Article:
J.M.B., Appellant, v. State of Utah, Appellee.

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Supreme Court of Utah.

STATE of Utah, IN THE INTEREST OF J.B., a person under eighteen years of age. J.M.B., Appellant, v. State of Utah, Appellee.

No. 20151083

Decided: April 24, 2018

Associate Chief Justice Lee authored the opinion of the Court, in which Chief Justice Durrant, Justice Himonas, Justice Pearce, and Judge Toomey joined. Due to her retirement, Justice Durham did not participate herein; Court of Appeals Judge Kate A. Toomey sat. Justice Petersen became a member of the Court on November 17, 2017, after oral argument in this matter and accordingly did not participate. Scott L. Wiggins, Salt Lake City, for appellant. Sean D. Reyes, Att'y Gen., Carol L. C. Verdoia, John M. Peterson, Asst. Att'ys Gen., Salt Lake City, for appellee. Martha Pierce, Salt Lake City, for Office of Guardian ad Litem.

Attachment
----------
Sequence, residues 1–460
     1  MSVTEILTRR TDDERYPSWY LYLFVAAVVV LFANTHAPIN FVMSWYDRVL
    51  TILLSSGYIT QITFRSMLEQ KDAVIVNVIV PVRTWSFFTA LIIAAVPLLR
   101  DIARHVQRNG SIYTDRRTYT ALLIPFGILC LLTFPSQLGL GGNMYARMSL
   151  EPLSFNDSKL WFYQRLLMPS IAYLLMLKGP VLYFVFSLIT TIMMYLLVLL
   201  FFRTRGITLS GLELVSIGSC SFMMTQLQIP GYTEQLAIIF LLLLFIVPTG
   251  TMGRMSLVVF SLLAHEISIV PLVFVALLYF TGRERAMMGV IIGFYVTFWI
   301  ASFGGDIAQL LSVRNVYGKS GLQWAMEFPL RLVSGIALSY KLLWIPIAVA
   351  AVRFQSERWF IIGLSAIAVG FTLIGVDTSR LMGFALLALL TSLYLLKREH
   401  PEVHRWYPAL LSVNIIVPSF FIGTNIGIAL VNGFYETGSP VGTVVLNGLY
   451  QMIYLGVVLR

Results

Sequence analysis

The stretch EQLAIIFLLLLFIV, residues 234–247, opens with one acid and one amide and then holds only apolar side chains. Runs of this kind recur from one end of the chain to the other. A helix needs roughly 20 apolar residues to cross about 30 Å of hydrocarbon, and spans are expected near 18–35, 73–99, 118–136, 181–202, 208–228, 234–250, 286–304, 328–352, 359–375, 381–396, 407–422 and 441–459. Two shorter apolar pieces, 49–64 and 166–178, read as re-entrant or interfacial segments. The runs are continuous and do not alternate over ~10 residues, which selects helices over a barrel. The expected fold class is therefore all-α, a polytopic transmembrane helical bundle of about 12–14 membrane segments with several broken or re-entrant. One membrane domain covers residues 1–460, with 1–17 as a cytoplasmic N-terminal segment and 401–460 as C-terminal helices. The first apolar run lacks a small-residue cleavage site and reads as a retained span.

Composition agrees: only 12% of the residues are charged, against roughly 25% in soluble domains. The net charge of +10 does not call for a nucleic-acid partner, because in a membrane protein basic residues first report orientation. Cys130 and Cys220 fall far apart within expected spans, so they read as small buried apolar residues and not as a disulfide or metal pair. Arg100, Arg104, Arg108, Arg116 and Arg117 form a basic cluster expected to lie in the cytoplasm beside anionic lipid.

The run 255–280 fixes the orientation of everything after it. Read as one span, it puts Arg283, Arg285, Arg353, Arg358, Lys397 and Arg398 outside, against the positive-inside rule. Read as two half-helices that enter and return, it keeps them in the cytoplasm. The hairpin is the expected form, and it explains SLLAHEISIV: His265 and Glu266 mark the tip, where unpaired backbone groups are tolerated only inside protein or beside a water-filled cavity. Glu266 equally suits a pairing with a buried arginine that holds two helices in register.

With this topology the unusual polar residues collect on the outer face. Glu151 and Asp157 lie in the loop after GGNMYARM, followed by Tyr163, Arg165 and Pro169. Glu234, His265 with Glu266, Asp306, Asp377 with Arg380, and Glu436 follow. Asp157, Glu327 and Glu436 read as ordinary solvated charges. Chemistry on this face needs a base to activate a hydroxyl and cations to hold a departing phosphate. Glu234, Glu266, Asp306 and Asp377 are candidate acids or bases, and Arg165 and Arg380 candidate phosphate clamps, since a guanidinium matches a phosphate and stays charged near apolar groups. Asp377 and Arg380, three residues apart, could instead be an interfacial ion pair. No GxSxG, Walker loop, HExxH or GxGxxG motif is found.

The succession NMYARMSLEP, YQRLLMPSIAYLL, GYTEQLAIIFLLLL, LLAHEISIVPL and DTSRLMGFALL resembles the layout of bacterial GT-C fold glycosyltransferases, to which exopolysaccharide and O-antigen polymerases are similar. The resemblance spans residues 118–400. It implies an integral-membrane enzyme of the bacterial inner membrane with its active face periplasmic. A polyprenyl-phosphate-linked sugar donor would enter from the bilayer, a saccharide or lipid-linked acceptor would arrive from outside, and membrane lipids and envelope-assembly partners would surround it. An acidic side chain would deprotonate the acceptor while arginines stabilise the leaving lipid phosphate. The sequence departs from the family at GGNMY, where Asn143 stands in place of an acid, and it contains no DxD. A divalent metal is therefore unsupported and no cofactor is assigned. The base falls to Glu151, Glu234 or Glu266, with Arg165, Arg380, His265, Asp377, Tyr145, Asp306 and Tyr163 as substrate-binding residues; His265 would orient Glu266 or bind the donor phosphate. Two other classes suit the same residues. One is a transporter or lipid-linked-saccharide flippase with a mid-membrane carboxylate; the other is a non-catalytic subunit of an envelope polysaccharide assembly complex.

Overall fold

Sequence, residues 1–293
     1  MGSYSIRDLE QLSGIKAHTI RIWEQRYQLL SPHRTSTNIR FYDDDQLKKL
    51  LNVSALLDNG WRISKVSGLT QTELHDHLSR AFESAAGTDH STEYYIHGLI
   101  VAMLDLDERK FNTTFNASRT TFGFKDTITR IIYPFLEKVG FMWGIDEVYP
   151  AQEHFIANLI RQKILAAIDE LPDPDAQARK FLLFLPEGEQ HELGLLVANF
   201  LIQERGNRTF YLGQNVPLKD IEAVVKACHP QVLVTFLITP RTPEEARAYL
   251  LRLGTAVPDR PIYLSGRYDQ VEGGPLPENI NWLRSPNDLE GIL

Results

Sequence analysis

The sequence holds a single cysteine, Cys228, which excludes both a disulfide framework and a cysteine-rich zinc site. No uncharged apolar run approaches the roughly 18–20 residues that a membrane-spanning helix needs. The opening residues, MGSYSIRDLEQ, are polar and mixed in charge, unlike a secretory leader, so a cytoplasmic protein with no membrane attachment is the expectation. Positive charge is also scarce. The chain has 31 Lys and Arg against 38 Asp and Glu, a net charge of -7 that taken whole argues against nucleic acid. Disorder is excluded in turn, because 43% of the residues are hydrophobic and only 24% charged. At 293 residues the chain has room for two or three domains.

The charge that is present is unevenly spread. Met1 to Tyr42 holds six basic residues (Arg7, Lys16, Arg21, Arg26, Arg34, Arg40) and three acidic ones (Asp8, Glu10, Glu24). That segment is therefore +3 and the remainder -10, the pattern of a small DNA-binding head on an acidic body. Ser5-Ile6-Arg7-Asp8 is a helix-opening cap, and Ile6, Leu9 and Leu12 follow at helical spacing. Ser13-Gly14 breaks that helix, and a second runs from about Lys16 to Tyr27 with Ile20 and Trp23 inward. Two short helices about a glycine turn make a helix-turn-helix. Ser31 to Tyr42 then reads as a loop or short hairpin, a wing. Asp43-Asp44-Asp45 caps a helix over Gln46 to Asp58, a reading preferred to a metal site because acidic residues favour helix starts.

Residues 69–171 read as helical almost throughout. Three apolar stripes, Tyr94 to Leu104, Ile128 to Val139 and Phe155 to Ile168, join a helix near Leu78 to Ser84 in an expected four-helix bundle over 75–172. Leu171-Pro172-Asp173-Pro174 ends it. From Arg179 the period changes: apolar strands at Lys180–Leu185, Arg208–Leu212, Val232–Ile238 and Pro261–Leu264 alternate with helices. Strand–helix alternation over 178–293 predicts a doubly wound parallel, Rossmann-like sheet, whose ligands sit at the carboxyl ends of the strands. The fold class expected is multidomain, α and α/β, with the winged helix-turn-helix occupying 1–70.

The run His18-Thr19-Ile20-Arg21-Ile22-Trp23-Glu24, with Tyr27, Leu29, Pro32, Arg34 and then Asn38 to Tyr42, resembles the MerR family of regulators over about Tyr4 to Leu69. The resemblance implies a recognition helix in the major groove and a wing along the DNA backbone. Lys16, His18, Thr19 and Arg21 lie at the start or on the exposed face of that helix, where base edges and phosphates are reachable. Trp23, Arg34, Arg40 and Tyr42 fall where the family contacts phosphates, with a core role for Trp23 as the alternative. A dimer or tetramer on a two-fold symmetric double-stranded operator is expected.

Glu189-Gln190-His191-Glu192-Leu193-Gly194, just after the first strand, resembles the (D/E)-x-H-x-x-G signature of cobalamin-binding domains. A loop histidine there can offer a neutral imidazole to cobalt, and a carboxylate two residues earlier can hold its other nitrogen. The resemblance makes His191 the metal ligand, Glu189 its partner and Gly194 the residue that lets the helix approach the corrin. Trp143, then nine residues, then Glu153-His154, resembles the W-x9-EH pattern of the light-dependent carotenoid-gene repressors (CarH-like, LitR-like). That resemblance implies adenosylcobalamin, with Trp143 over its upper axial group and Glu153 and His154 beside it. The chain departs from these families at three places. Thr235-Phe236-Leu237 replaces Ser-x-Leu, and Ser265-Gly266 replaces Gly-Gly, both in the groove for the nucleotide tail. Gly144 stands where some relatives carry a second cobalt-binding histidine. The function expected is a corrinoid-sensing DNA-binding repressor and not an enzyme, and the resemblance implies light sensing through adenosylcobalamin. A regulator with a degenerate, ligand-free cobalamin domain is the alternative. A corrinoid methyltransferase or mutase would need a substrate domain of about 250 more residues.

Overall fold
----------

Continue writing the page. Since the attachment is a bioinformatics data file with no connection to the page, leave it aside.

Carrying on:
On Direct Appeal

¶1 J.B. is the biological child of J.J. When J.J. gave birth to J.B. in 2010, she was involved in a relationship with J.M.B. Later, when J.J. and J.M.B. split up, J.M.B. became J.B.'s legal guardian. J.M.B. was also given custody of the child. J.M.B.'s guardianship and custody were subsequently terminated after a third party called the police to report child neglect.

¶2 At that time J.B. was placed into the custody of the Division of Child and Family Services (Division). And the State petitioned the juvenile court to award custody and guardianship of J.B. to the Division. During the custody and guardianship trial, J.M.B., who was representing herself, chose to remove herself from the trial proceedings. The trial continued in her absence. The juvenile court then determined that J.M.B.'s guardianship rights should be terminated. It also found that reunification services between J.M.B. and J.B. would not be appropriate. J.M.B. filed this appeal.

¶3 During oral arguments on appeal, the Guardian ad Litem renewed a motion to dismiss for lack of jurisdiction. The Guardian ad Litem asserted that this appeal is moot because J.B.'s adoption had been finalized for more than one year and a governing statute bars any person from contesting the adoption after one year from the date of a finalized adoption. See Utah Code § 78B-6-133(7)(b).